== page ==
WanaBana recall update: FDA sends warning letter to Dollar Tree over lead-contaminated cinnamon apple fruit puree

Health officials in multiple states are still finding the recalled, lead-contaminated WanaBana products on Dollar Tree shelves.
Health officials in multiple states are still finding the recalled, lead-contaminated WanaBana products on Dollar Tree shelves. (FDA via AP)

🚨What just happened?

Dollar Tree failed to pull lead and chromium-contaminated WanaBana cinnamon apple fruit puree pouches from its shelves in a timely manner, the U.S. Food and Drug Administration said Tuesday.

The FDA sent a warning letter to the discount store chain, which has more than 16,000 locations in the U.S. and Canada, following Dollar Tree’s voluntary recall of WanaBana’s products in November 2023 because unsafe levels of lead were discovered in its products. However, public health officials “across many states” continued to see WanaBana cinnamon apple fruit puree pouches on store shelves months following, the FDA said.

📖 The background

A national recall of the WanaBana purees was announced in November after they were linked to dozens of cases of lead poisoning. Testing revealed that the cinnamon used in the apple cinnamon flavor was the source of the heavy metal contamination. At least 90 cases of illness linked to the pouches across 32 states were reported, according to the FDA’s latest data. Two other brands of cinnamon applesauce products, Schnucks and Weis, also tested positive for unsafe levels of lead, as well as chromium. Further FDA investigation revealed that six brands of ground cinnamon were contaminated by lead.

WanaBana complied with the FDA’s request for it to issue a voluntary recall of its cinnamon apple fruit puree pouches. The agency also asked retailers — including Amazon, Dollar Tree, Family Dollar and combination Family Dollar/Dollar Tree stores — that carried WanaBana products to voluntarily pull the products from their shelves. But, according to the FDA’s latest updates, Dollar Tree, Inc. (which owns both Family Dollar and Dollar Tree stores), “failed to adequately remove recalled WanaBana apple cinnamon fruit puree pouches from its store shelves,” the agency said. "On December 18, 20 and 21, 2023, FDA again held calls with Dollar Tree to relay our concerns that your stores continued to have adulterated products on store shelves," the letter reads as the last update.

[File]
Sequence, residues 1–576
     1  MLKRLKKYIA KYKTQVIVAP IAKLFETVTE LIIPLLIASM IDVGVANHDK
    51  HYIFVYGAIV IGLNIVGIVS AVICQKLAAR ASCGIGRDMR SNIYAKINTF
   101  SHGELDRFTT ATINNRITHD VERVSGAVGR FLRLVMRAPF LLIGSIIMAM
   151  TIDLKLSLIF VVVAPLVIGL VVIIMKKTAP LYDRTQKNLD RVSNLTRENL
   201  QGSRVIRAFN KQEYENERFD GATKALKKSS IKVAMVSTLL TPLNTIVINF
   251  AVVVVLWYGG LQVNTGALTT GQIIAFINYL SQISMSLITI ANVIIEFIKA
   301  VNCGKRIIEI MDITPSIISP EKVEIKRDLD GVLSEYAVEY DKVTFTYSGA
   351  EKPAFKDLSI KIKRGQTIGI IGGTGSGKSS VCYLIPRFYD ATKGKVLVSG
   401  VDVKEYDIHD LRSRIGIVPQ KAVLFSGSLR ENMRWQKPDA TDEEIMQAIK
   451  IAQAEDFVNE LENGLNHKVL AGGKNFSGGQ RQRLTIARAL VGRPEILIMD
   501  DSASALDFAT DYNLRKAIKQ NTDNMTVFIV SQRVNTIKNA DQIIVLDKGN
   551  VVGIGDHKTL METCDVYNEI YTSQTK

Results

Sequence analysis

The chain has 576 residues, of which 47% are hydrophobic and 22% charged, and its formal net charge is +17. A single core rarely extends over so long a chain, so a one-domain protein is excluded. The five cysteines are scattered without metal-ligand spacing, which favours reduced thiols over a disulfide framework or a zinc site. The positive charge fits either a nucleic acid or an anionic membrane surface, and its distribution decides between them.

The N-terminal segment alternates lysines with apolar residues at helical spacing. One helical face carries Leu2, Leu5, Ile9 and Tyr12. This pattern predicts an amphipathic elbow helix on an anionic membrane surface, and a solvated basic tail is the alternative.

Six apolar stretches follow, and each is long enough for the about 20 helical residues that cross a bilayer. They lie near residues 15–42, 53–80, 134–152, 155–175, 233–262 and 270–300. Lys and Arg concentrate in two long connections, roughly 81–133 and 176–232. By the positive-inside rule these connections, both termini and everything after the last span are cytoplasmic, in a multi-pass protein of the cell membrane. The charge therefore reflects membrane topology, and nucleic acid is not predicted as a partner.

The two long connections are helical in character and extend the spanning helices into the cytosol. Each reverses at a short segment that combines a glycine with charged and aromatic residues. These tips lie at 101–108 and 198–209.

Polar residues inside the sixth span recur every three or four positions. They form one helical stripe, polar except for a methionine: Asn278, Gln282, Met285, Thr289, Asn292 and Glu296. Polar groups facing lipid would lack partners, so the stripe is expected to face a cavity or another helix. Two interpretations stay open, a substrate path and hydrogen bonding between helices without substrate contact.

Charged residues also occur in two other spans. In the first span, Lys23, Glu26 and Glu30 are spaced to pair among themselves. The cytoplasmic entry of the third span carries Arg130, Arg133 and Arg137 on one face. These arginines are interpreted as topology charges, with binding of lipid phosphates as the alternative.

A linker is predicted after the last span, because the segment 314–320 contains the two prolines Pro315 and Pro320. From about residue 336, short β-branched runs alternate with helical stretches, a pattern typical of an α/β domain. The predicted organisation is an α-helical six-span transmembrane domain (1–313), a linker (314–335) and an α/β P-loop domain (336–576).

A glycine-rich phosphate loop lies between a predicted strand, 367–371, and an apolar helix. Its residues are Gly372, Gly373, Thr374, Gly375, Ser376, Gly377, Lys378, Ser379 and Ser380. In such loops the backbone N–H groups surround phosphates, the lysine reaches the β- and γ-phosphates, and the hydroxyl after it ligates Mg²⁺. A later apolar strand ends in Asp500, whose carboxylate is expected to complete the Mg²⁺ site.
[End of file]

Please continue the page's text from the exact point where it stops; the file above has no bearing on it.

The FDA states that to date, Dollar Tree has not provided the agency "with any information demonstrating that long-term, sustainable corrections have been implemented" throughout their organization to prevent adulterated food from making it to shelves.

Dollar Tree has since hired a new management team and continues to work to step up its compliance and safety programs, the company told Yahoo Life in a statement. "Dollar Tree took immediate action and began executing a recall of WanaBana’s Apple Cinnamon Fruit Puree Pouch upon being notified of the issue with the product," a Dollar Tree spokesperson said. "We continue to cooperate with FDA on this matter."

According to an FDA spokesperson, they are "not aware of any recalled product remaining on Dollar Tree shelves at this time." The FDA and state regulatory partners completed recall audit checks at retail locations and worked with Dollar Tree to remove product. "The FDA is concerned with Dollar Tree’s future capability to quickly remove unsafe products from its store shelves as necessary and as required during a public health threat, such as a recall, which is what led to the warning letter for Dollar Tree in this instance," the official said.

📌 The stakes

Lead poisoning can have dire and lifelong effects, especially for young children and babies, the target market for the fruit puree pouches. Children’s developing bodies can absorb five times as much lead as an adult’s and repeated exposure to high levels of lead can lead to neurocognitive issues, including low IQ and difficulty learning and paying attention, according to the Centers for Disease Control and Prevention.

Although some children will develop stomach pain, headaches, vomiting and anemia shortly after exposure to lead, most have no immediate symptoms, the FDA warns. Longer-term symptoms include irritability, lethargy, fatigue, aching, constipation, difficulty concentrating, weakness, weight loss and tremors, but the most surefire way to check for lead poisoning is through a blood test, which the American Academy of Pediatrics recommends be administered to kids between ages 12 months and 24 months.